Review: The Night Circus, by Erin Morgenstern (2011)

The Night Circus coverThe pitch: The Cirque des Reves, designed at the turn of the last century as the stage for a magical competition. The competitors, irrevocably bound to their fathers’ deadly game. The rest of the circus company and its patrons, caught up in a gorgeous creation they barely understand.

The review: I always end up crying on trains. I choose all-consuming heartbreaker books, and with nothing to distract me, I’m inevitably a mess by the end. I must love it or I wouldn’t keep doing it, right?

So this was the perfect train book (complemented by the stark trees and patchy mountain snow of central PA out my window). Magical, delicious, both timeless and entirely original — except for the echoes of a theatrical experience only shared by a relative handful of Bostonians, which made me feel rather in the club, like the circus-following reveurs. The book is slow, and often more vignette than plot — I felt like I was savoring a big box of oddly-flavored chocolates. Not a single wrong note, down to the very last page. (I do love a satisfying epilogue.)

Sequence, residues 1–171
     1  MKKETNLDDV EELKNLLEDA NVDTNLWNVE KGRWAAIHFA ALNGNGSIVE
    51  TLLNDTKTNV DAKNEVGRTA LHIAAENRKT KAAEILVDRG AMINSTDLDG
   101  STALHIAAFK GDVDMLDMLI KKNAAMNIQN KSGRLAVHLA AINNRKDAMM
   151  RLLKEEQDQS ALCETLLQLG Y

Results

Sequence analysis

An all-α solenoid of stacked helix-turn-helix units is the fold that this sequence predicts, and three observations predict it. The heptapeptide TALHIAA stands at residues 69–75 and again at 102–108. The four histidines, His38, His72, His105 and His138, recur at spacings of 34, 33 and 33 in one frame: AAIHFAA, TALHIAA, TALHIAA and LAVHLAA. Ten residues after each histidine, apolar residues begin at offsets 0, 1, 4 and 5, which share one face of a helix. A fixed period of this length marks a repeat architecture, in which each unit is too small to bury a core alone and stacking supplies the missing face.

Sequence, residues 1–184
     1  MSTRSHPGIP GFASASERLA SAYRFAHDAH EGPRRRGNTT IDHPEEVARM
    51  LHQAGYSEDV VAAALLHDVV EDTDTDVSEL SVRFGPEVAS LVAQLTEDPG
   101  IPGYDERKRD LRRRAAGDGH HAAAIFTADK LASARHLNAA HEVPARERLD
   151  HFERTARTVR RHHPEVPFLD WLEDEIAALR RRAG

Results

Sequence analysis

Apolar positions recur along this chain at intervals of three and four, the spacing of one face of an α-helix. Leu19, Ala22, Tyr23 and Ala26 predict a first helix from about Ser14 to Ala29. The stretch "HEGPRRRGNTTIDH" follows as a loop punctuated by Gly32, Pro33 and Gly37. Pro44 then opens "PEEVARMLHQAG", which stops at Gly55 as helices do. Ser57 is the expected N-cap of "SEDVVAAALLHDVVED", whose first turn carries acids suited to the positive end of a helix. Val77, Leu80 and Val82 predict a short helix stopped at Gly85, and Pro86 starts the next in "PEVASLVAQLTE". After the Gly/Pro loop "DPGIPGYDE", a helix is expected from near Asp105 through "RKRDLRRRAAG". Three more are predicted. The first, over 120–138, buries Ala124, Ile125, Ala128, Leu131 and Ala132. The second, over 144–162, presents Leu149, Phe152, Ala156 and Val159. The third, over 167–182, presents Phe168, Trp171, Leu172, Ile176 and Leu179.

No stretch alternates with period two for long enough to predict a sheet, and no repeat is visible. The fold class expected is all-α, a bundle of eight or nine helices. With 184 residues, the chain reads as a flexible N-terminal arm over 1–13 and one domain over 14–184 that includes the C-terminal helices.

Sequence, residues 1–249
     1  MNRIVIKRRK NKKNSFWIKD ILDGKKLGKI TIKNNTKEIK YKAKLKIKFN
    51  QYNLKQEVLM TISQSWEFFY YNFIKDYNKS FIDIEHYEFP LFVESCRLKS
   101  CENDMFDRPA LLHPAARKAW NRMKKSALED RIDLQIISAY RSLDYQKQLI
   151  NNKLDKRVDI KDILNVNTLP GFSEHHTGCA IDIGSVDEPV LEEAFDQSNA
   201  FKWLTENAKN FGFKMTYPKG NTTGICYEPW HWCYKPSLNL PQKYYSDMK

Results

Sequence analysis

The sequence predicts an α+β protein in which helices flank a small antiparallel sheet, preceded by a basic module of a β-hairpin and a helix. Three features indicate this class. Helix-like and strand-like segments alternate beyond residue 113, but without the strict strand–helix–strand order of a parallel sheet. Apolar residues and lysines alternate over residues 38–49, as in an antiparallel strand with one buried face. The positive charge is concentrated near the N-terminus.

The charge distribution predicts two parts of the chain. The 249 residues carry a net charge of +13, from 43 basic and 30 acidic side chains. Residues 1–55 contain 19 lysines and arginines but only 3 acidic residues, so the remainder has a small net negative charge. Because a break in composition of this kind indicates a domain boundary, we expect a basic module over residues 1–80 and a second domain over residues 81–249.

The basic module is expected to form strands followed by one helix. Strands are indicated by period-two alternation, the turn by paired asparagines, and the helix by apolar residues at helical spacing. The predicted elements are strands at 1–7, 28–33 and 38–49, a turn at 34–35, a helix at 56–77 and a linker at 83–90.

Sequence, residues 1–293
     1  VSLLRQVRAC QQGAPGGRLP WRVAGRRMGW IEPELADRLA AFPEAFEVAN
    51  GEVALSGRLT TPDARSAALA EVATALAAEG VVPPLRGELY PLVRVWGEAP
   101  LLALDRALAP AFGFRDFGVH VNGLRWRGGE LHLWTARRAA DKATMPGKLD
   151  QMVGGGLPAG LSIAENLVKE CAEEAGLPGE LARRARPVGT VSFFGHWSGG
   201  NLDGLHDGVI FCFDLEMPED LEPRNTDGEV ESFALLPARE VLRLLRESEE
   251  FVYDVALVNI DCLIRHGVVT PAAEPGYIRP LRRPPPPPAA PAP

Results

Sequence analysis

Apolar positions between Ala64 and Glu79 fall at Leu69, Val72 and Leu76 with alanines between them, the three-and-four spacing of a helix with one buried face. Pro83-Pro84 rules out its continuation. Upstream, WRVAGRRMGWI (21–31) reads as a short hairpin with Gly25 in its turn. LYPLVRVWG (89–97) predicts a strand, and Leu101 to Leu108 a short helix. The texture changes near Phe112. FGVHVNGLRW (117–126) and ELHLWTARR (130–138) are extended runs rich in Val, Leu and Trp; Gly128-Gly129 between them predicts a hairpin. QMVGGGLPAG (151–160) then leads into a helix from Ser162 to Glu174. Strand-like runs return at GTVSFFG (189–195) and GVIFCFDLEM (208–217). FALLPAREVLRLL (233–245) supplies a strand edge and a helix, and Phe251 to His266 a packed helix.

Read-alikes: Jonathan Strange and Mr. Norrell by Susanna Clarke, Daughter of Smoke and Bone by Laini Taylor, Conjured by Sarah Beth Durst.

Also, if the atmosphere of this book appeals to you, and you have the chance, see Sleep No More or another Punchdrunk production. I felt the whole time the kinship between this book and the Boston ART‘s Sleep No More (which closed years ago, before it moved to New York); it made me happy to see the show prominently featured in the acknowledgments. The connection with the ART’s Pippin (now moved to Broadway) is less clear, and I’ve no idea if Morgenstern saw that one, but it’s another heartrending, magical circus of entrapment — she should see it and so should you.

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2 Responses to Review: The Night Circus, by Erin Morgenstern (2011)

  1. Greg Friedman says:

    Y’know, I agree that I loved the vignettes, and I thought the whole thing was ludicrously creative top to bottom. But I remember not feeling that the ending really delivered. I’m not sure what they could have done instead, but the resolution of the competition just felt anticlimactic somehow.

    • Sam says:

      Hmm. I suppose I can see that, but it did work for me — especially once it became clear to me that Bailey’s story was further in the future than the rest and that the two storylines were bound to converge. I’m a sucker for seemingly unrelated converging storylines, and also for characters who don’t have a great destiny but manage to achieve great things anyway because they care enough to put the work in.

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